Malaria, schistosomiasis and soil transmitted helminth burden and their correlation with anemia in children attending primary schools in Kinshasa, Democratic Republic of Congo
Van geertruyden, Jean-Pierre
Faculty of Pharmaceutical, Biomedical and Veterinary Sciences. Pharmacy
Faculty of Medicine and Health Sciences
Engineering sciences. Technology
, 11 p.
University of Antwerp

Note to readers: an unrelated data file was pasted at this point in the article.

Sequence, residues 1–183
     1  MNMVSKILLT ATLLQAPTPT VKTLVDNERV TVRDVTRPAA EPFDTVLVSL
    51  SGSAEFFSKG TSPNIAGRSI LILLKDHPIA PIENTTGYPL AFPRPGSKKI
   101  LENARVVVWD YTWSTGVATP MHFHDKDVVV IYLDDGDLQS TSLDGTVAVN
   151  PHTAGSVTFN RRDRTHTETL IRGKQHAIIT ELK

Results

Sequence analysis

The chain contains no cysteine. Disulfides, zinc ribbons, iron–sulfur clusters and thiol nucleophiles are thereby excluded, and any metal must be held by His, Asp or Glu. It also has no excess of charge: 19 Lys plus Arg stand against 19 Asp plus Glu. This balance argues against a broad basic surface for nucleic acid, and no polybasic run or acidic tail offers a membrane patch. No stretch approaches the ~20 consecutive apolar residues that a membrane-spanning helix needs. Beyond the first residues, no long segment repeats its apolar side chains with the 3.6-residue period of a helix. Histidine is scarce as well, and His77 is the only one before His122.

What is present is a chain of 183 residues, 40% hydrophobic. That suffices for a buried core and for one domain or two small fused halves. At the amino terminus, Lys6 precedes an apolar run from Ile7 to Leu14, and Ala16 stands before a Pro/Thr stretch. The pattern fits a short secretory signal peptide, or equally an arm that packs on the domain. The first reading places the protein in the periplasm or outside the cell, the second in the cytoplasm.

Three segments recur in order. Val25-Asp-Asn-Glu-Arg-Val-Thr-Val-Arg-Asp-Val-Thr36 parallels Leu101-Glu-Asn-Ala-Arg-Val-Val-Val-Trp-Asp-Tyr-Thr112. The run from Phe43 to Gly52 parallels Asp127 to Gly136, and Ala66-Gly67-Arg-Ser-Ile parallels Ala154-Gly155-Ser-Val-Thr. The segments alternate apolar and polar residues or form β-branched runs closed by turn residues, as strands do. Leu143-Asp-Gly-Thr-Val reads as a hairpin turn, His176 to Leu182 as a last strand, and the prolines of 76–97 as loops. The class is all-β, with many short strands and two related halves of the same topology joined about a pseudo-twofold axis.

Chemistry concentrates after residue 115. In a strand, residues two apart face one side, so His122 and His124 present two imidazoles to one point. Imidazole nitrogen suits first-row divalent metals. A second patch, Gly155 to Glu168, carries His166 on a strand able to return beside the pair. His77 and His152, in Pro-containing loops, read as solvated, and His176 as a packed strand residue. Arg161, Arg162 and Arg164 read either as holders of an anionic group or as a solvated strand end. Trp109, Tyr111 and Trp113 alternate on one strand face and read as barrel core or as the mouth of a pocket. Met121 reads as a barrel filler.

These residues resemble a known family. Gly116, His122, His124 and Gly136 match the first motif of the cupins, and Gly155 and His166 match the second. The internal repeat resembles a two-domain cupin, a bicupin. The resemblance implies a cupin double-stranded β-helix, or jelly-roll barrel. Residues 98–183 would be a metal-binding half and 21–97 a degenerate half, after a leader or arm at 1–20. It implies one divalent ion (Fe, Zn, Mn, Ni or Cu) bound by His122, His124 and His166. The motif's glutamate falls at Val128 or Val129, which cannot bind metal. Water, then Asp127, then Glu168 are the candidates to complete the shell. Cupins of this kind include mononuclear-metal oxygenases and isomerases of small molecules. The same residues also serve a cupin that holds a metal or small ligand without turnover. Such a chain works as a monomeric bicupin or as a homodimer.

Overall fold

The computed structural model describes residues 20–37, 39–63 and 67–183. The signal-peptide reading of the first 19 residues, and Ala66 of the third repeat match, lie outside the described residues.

Background: Anaemia reduces cognitive potential in school children, retards their growth and predisposes them to other diseases. As there is a paucity of data on the current burden of P. falciparum, S. mansoni and soil transmitted helminths (STH) infections and their correlation with schoolchildren's anemia in the Democratic Republic of Congo (DRC), we collect these data. Methods: This study reports baseline data collected from a randomized controlled trial investigating the impact of IPT with SP and SP-PQ on anemia and malaria morbidity in Congolese schoolchildren (Trial registration: NCT01722539; PACTR201211000449323). S. mansoni and STH infections were assessed using kato-katz technique. Malaria infection and hemoglobin concentration were assessed using Blood smear and Hemocontrol device, respectively. Results: A total of 616 primary schoolchildren from 4 to 13 years old were enrolled in the study. The prevalence of Plasmodium spp. infection was 18.5% (95%CI:15.6-21.9). Amongst those infected, 24 (21%), 40 (35.1%), 40 (35.1%), 10 (8.8%), had light, moderate, heavy, very high malaria parasite density, respectively. Above 9 years of age (p = 0.02),male and history of fever (p = 0.04) were both associated with malaria infection. The overall prevalence of S. mansoni infection was 6.4% (95%CI:4.4-9.1). Girls were associated with S. mansoni infection (p = 0.04). T. trichiura was the most prevalent STH infection (26.3%), followed by A. lumbricoides (20.1%). Co-infection with malaria-S. mansoni and malaria-STH was, respectively, 1.5% (CI95%:0.7-3.3) and 6.4% (CI95% 4.4-9.1). The prevalence of anemia was found to be 41.6% (95%CI:37.7-45.6) and anemia was strongly related with Plasmodium ssp infection (aOR:4.1; CI95%:2.6-6.5;p<0.001) and S. mansoni infection (aOR:3.3;CI95%:1.4-7.8;p<0.01). Conclusion: Malaria and S. mansoni infection were strongly associated with high prevalence of anemia in schoolchildren. Therefore, specific school-based interventions, such as intermittent preventive treatment or prophylaxis, LLITN distribution, anthelminthic mass treatment and micronutrient supplementation are needed to improve school children's health.